TWO YEARS AGO, post-Kauai (Who doesn’t “look great” after 2 weeks in Hawaii, I ask you?)
I hesitate to “post” about medical issues. I don’t want people (by which I mean my employer and much younger coworkers) to view me as different: older, weaker, less-than I was. Limited.
But limited is where I currently reside. I don’t know how long I’ll feel this way. Maybe another week? A month? Probably not forever, but for now, it seems as though my present limitedness knows no limit.
“You look great!” people say, and they’re being nice. And they sound surprised. Karma’s cute. About three months ago in a Fluevog store in Minneapolis, I said something along these lines to the woman helping me after she told me she has cancer. I was stunned. She had so much energy, her countenance was downright sunny. Actually, I said something even more insulting than “You look great!” I said, “But: you look so ALIVE!” And she’s like, “Uh. I’m not dead.” My foot has never lodged itself so firmly in my mouth.
So I look great, but I don’t feel great. I’m guessing the lovely Minnesotan woman I offended did not feel all that great. There’s pressure that comes with looking great, healthy, “fine.” I explained it to a friend recently thusly: It’s like when you see a two-year-old with tall parents, and that two-year-old looks like a four-year-old, and you expect her to be able to speak, potty independently, have self-control and manners. But she’s just two. It’s too much to ask of her. That’s how I feel.
It turns out I’m not alone in feeling this way. Did you know there’s an Invisible Illness Awareness Week? A friend who suffers from an invisible awareness made me aware of But You Don’t Look Sick.
When I change my profile picture on Facebook, I go out of my way to caption the photo, clarifying so there’s no doubt that my robust image pre-dates my cardiac event. Yeah, I DID look great and healthy in that photo. Thanks. Read the fine print, please. It was taken two years ago. Don’t expect me to act like I feel that good.
Feeling this way threw me into a quandary this past Sunday. At 9 a.m., before my husband showered he asked me whether to wake the teenagers, and I rolled over and wrestled with expectations of myself. I thought of my neighbor, one of the pastors at our church, who has Parkinson’s Disease. I thought of him and the effort it must take for him to show up at church, his job, to shake hands, give hugs, be cheerful and loving. As I lay there shoulding on myself, I opened the WordPress reader on my phone and was greeted by this post: When We Don’t Look As Sick As We Feel. I read it and thanked Jesus for the permission to stay home. I said a prayer for my pastor, decided to let go of my guilt for a moment, and “listened to my body.” My body slept in till 1 in the afternoon, and the day before that I had collapsed into a four-hour nap. It was a lost day.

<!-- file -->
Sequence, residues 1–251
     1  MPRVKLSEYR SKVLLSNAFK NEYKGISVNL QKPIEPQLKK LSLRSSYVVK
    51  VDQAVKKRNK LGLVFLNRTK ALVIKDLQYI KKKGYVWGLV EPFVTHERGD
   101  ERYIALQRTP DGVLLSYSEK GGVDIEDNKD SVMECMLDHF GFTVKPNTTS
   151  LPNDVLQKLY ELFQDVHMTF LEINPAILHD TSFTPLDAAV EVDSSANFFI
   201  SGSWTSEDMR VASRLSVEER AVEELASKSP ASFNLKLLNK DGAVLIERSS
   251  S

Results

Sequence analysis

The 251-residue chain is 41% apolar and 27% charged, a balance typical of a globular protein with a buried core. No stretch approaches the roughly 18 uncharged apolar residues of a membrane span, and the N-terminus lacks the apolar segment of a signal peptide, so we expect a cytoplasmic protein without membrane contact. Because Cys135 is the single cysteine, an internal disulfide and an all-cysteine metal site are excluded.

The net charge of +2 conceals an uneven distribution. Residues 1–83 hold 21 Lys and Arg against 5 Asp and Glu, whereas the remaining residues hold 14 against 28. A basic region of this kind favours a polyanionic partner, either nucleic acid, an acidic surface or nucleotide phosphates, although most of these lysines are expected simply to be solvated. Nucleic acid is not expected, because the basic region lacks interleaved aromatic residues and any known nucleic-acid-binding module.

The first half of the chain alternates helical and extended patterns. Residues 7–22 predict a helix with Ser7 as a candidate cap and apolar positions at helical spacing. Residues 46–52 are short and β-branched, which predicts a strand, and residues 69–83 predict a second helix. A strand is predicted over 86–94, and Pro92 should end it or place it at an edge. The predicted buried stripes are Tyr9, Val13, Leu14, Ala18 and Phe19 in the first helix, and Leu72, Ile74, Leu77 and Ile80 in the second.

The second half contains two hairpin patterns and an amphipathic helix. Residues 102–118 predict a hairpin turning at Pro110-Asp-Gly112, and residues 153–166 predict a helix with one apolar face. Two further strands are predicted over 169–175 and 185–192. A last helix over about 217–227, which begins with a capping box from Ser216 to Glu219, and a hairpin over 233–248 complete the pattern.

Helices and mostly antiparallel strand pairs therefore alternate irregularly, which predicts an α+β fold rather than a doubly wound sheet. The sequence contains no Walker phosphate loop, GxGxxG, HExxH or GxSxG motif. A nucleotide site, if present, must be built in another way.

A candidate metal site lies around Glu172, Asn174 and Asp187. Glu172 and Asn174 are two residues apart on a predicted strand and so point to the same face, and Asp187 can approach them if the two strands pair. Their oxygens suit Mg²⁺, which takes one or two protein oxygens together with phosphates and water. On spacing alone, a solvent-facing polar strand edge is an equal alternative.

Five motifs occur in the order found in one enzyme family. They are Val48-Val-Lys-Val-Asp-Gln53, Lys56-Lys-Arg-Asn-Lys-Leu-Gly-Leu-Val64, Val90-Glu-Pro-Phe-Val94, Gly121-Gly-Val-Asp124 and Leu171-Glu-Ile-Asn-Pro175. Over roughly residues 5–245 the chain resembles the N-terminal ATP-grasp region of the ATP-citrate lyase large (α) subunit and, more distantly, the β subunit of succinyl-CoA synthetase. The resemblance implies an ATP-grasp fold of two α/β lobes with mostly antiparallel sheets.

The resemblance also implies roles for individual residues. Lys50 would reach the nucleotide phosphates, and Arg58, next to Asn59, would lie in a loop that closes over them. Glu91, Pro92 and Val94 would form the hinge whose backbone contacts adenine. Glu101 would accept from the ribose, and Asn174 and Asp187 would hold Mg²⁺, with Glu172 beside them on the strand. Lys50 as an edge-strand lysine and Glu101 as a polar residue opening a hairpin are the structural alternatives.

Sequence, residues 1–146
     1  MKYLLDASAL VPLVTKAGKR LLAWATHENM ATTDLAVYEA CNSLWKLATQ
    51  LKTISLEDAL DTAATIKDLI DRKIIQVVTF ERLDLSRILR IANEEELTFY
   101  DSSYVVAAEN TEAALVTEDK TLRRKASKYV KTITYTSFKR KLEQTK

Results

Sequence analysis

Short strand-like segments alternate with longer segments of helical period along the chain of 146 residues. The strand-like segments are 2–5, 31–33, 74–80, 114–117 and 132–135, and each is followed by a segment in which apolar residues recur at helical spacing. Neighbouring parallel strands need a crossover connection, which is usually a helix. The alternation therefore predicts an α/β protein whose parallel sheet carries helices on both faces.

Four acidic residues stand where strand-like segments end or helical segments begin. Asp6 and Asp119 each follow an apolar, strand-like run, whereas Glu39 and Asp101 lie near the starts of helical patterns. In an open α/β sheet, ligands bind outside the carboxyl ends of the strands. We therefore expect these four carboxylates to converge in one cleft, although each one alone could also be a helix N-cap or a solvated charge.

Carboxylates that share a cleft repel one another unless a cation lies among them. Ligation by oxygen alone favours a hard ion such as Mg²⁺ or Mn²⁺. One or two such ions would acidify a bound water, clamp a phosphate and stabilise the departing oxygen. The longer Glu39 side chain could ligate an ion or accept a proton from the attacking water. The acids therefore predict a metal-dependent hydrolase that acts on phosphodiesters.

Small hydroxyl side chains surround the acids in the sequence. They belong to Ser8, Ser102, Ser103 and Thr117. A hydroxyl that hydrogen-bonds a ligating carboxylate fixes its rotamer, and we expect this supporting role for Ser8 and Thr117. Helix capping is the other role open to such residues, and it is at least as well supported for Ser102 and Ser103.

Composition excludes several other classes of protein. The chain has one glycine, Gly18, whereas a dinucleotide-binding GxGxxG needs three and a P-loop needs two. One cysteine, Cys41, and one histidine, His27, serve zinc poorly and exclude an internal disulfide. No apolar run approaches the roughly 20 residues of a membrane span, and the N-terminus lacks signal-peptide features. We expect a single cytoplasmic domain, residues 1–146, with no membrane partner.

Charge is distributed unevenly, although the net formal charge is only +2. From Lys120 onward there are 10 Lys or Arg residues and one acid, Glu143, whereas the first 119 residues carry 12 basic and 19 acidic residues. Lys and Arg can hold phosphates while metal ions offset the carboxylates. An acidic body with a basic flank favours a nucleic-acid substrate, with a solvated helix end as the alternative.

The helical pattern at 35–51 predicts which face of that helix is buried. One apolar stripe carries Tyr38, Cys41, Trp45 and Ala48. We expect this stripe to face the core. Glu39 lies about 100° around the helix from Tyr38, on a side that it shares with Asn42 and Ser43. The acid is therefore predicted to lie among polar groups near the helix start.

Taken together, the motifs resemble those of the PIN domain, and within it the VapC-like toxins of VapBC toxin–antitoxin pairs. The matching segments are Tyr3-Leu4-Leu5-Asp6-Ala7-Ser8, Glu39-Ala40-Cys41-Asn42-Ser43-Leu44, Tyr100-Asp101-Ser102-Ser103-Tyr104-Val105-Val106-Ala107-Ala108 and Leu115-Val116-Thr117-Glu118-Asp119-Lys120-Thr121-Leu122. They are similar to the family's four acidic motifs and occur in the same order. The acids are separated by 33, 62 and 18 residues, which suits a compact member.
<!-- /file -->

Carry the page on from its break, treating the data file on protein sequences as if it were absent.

But yesterday was a good day. It was a fairly high-energy day, relatively. I did what I could and even reached. It was more than I’ve accomplished since before my July 23 heart attack. Recovery Journal Entry:
Monday, August 18: woke at 10, got up, dressed, did one light load of laundry, took brisk 15-minute walk, 25 crunches, so far so good at 2pm. baked a cobbler, did some computer work, dinner was delivered which helped immensely, took another walk with Jack, went to bed at 11:00.
Part of what made yesterday a good day was the relief and security I felt knowing a kind friend was going to bring a meal at 6pm. (It was delicious and nutritious, Jenni. Bless you.) Knowing that if I pooped out, which is a common, capricious occurrence, my family wouldn’t have to scrounge in the fridge for something nutritious to eat, that my husband wouldn’t have to run out for take-out. Huzzah for good days.
Today? Not so much. But thank God for a solid employer with generous short term disability benefits. For two more weeks I can allow myself to go with however I feel on a day-by-day, hour-to-hour basis. If I’m wiped out, I rest in knowing I don’t have to push myself too far. I know I can drop and sleep if necessary. I will still get out of bed, wash my face and fix my hair, and get dressed. I will still take at least one short walk, because I’ve been told physical activity is good for my recovery. I will walk on routes outside my neighborhood in order to avoid running into a friend who may tell me how great I look.
And one of these days, there will be two good days in a row. And then three. But for now I will enjoy the ones, when they come. Without limit.
What a girl looks like 12 hours before a heart attack
What a girl looks like 48 hours after a heart attack. Necrotic heart tissue is not visible on the face.